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What does "Let Sleeping Dogs Lie" Mean?

Michael Pollick
Updated May 23, 2024
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The idiom let sleeping dogs lie means not to stir up old conflicts or provoke an argument over unresolved issues. It is often better to agree to disagree and move forward rather than trigger hostilities over an ongoing difference of opinion. Let sleeping dogs lie refers to the instinctive behavior of a dog whenever it is awakened suddenly from a nap. Many dogs instinctively lash out at those who try to awaken them without reason, and these natural responses are often quite painful.

One example of the idiom in action would be a heated discussion between a man and wife over an unpaid bill. While the issue itself may be relatively minor, it could bring up painful memories of a previous fight over household finances. Instead of provoking or escalating the argument, both might agree to let sleeping dogs lie and not remind each other of the previous fight unnecessarily. Dredging up a provocative or painful issue from the past would not help to resolve the current situation, so both sides agree not to discuss it.

Unresolved grudges or long-standing feuds in the business world can also benefit from this proverb. A project manager may have had an unpleasant working relationship with a subordinate in the past, but a new project requires complete team cooperation. Rather than sabotage group unity, the project manager and his co-worker may agree to let sleeping dogs lie where their personal disagreements are concerned. If the past issues are largely resolved and have little bearing on the present situation, then it is better for everyone that they remain dormant.

Although the Old Testament book of Proverbs makes references to the foolish mishandling of dogs, many sources point to the English author Chaucer as the originator of the idiom in print. Other authors have since used variations on Chaucer's theme to imply the inherent dangers of awakening sleeping dogs. The modern form of the idiom is more passive in nature, suggesting that sleeping dogs, especially large and volatile breeds, should remain undisturbed. In Chaucer's time, the proverb warned against deliberately approaching a sleeping dog and waking it up forcefully. Anyone who chooses to wake up a sleeping guard dog generally gets the punishment he or she deserves.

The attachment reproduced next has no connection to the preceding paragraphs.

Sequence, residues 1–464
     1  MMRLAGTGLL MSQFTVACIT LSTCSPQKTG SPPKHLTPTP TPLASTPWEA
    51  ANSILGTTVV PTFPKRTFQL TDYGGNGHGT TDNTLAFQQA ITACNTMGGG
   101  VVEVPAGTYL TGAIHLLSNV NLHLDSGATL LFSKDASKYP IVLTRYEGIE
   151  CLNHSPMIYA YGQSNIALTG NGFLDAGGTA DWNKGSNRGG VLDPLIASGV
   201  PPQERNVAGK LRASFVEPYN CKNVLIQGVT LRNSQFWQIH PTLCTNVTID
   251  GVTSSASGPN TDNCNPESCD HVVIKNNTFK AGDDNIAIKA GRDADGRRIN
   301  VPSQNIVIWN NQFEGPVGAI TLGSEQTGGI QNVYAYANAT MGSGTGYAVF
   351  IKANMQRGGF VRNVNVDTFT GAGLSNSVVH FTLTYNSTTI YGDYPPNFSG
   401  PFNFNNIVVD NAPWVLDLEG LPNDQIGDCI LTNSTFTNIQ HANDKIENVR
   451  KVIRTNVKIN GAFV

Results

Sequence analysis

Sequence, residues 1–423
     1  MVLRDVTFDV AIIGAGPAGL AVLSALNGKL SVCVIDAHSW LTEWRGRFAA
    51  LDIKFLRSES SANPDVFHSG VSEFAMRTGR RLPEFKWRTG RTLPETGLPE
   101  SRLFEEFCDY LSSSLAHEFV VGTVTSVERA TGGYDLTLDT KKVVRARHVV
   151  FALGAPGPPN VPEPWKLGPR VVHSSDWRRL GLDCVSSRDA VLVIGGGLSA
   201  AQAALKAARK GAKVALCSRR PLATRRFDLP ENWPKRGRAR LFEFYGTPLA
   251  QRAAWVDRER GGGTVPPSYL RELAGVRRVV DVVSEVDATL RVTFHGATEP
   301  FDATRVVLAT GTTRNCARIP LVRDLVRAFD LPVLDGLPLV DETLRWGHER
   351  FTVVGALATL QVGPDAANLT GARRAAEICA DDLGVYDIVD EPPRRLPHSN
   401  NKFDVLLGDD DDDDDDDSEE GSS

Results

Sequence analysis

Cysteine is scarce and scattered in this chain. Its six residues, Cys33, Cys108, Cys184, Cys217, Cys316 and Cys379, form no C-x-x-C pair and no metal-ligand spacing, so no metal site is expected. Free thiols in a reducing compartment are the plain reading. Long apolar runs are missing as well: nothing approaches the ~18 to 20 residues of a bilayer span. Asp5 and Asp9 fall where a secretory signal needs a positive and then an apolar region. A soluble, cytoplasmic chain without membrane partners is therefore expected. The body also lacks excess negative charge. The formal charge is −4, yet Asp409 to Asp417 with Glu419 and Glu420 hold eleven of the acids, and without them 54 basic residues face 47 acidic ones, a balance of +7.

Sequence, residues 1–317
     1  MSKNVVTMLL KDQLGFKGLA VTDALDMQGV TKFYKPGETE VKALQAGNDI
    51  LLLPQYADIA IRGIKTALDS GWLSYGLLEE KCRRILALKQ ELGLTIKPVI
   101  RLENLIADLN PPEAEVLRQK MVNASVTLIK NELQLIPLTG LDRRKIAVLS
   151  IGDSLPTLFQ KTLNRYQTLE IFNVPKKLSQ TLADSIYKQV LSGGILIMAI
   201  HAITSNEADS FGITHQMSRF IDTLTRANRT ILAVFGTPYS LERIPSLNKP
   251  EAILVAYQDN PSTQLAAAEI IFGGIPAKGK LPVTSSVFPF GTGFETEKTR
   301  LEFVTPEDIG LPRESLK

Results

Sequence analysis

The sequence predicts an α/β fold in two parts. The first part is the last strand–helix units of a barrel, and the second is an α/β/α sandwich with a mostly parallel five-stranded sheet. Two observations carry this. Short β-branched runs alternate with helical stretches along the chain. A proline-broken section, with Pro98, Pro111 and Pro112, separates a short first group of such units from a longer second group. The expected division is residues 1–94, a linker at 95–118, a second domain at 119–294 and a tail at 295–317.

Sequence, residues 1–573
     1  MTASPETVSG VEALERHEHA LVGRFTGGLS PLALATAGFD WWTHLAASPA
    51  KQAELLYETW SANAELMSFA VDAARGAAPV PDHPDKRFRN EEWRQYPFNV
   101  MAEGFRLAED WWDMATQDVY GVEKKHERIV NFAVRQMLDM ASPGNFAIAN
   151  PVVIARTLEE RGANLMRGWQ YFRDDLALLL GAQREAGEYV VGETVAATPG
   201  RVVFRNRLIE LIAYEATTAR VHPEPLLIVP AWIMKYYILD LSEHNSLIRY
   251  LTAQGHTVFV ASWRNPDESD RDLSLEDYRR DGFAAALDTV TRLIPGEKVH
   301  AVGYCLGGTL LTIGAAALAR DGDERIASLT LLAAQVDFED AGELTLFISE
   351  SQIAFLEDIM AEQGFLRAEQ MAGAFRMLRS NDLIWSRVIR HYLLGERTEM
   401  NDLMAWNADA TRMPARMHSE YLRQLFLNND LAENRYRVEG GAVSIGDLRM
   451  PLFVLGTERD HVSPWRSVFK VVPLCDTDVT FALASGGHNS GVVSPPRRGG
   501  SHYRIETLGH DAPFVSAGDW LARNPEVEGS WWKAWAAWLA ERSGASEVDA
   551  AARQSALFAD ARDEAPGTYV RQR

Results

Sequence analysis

Language & Humanities is dedicated to providing accurate and trustworthy information. We carefully select reputable sources and employ a rigorous fact-checking process to maintain the highest standards. To learn more about our commitment to accuracy, read our editorial process.
Michael Pollick
By Michael Pollick
As a frequent contributor to Language & Humanities, Michael Pollick uses his passion for research and writing to cover a wide range of topics. His curiosity drives him to study subjects in-depth, resulting in informative and engaging articles. Prior to becoming a professional writer, Michael honed his skills as an English tutor, poet, voice-over artist, and DJ.
Discussion Comments
By mitchell14 — On Jan 20, 2011

The problem with letting sleeping dogs lie is sometimes it can get out of hand; I try to avoid following this idiom in most cases, because grudges always get brought up again eventually, whether you try to forget about them or not. I do, though, use it to avoid arguments about things like politics and religion, because those are never really about convincing others so much as blowing off steam.

By DentalFloss — On Jan 18, 2011

This is one of the idiomatic phrases that is at least somewhat easier for a non-English speaking audience to understand. Even in other cultures, people know how dogs naturally act, and so the idiom still makes sense. While non-native English speakers might not have read Chaucer, they also do not need to know that origin information to understand it, the way you might for some idiomatic expressions.

Michael Pollick
Michael Pollick
As a frequent contributor to Language & Humanities, Michael Pollick uses his passion for research and writing to cover a...
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